Generally ant brood go through 4 stages as they develop: egg>larvae> pupae (or, in some species, cocoon)> adult.
Ant eggs are tiny at approximately 0.5 mm in diameter and weighing about 0.0005g, and are kidney shaped. They have a smooth sticky surface which enables them to bond together in a mass which aids adult ants to move them about more quickly, in case of emergencies for example; it is easier and quicker to carry many eggs in one go rather than having to pick each individual egg up.
After about 7 to 14 days of cell division the larvae will emerge from the eggs looking very much like tiny maggots. As they grow they shed their skin, usually about 3 times in all, increasing in size with each moult from 1 mm to 4 mm. With each successive moult they become more hairy, with some of the hairs being hooked to enable, like the eggs, numbers of larvae to hook together for easier carrying, however, at the last moult the larvae are usually too heavy to hook together, and are carried singularly. There are some slight differences in the appearance of the larvae of various ant species, for example some are hairier than others. The larvae have no legs but they are capable of some very small movements such as bending their head toward a food source and, in some species, they can move along very slowly if necessary. When they feed they suck up the juices of solid foods brought to them by the adult worker ants, or they can receive regurgitated food from them. Larvae have large digestive glands with reservoirs that run the full length of their body opening at the mouth. Larvae can exude a clear saliva which is used to break down and digest protein which is mixed with the food it eats. A worker ant can encourage the production of this saliva by gently pushing back the larva's head or nipping it in that area.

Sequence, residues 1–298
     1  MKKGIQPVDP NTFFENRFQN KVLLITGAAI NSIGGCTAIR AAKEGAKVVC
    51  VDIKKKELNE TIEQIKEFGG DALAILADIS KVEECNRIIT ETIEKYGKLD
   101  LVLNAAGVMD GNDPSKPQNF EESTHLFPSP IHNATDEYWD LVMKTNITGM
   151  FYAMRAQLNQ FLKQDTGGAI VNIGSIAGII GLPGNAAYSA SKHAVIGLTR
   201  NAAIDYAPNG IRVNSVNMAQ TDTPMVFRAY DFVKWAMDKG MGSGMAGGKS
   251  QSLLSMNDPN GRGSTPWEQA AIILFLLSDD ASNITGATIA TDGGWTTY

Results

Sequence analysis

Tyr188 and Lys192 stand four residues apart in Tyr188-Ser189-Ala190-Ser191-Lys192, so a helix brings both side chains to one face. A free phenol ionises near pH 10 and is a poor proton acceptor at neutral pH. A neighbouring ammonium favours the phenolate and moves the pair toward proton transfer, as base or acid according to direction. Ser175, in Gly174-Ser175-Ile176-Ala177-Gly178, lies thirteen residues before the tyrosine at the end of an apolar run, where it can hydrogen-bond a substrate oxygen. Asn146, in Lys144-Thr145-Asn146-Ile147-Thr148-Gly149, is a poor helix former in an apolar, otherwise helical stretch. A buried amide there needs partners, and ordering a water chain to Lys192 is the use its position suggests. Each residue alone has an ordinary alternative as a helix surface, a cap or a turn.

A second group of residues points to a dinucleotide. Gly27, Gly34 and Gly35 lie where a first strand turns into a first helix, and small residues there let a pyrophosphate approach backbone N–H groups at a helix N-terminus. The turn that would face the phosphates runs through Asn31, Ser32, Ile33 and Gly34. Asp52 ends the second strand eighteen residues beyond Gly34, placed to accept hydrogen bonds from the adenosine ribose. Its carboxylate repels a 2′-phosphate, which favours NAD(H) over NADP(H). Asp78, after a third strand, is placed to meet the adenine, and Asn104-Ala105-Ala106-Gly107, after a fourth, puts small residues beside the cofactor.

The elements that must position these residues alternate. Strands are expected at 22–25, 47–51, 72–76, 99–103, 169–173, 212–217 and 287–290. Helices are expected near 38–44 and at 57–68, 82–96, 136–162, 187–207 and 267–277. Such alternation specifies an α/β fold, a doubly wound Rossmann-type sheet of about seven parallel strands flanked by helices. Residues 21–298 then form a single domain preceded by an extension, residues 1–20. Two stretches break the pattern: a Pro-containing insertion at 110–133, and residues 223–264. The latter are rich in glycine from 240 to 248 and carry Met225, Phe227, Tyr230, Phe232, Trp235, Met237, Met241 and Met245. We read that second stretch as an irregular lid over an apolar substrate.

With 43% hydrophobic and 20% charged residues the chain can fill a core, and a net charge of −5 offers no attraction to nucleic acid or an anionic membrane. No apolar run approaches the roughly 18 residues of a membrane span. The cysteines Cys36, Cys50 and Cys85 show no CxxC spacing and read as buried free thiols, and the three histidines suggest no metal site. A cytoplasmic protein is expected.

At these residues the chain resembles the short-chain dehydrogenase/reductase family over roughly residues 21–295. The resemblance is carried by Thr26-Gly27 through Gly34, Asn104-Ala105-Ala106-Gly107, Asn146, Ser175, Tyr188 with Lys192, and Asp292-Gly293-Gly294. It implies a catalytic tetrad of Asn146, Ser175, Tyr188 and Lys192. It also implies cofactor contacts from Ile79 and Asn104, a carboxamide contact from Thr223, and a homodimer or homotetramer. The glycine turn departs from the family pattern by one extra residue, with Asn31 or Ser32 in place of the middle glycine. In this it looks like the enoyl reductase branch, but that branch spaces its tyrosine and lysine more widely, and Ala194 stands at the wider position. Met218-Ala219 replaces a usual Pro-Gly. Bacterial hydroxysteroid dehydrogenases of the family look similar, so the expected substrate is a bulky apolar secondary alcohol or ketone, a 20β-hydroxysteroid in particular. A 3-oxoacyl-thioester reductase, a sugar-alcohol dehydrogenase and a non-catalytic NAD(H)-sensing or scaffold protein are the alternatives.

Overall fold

In various places throughout its body the larvae has little buds which later develop into antennae, legs and various organs. These later elongated, join together and secrete the pupa skin, causing the larvae skin to be cast off. This larvae skin is then taken out of the nest and dumped outside looking like globules of sticky fat. The pupa skin sets hard and the adult ant is constructed within. As time goes on these develop to look like folded up waxy ants. As the time for "hatching" nears this waxy-like ant will darken and unfold itself.
After about another 24 to 27 days, once the larvae have gone through all of the skin moults, they change into one final stage which is the pupae. Pupae look like white waxy ants that lay with their legs and antennae folded up against their bodies. Some species, such as Lasius niger, do not have a pupa stage but the larvae will spin themselves a cocoon in which it will metamorphosis into the adult ant. To be able to spin a cocoon the larvae must be against a solid object, this could be the ground, wall of a chamber or, in some cases, the larvae will be buried in the soil to assist them in the spinning of the cocoon, only to be dug up again by the adult workers once the cocoon is completed. The larvae will eject all its gut contents out and this appears as a small black dot at one end of the cocoon.
After, approximately, a further 13 to 28 days (about a total of 8 to 12 weeks from egg to adult ant), and again this varies according to species and ambient temperatures, the adult ant emerges looking very pale and soft. A newly born Lasius niger ant is almost white at first but after a few hours it will darken to black and it's exoskeleton will harden.
The particular job that each worker does within the colony depends on its age. New ants tend the queen and brood within the security of the depths of the nest. As the ant gets older so it will change jobs which take it nearer the surface of the ground until, nearer the end of its life, the ant will leave the safety of the nest and forage outside. This is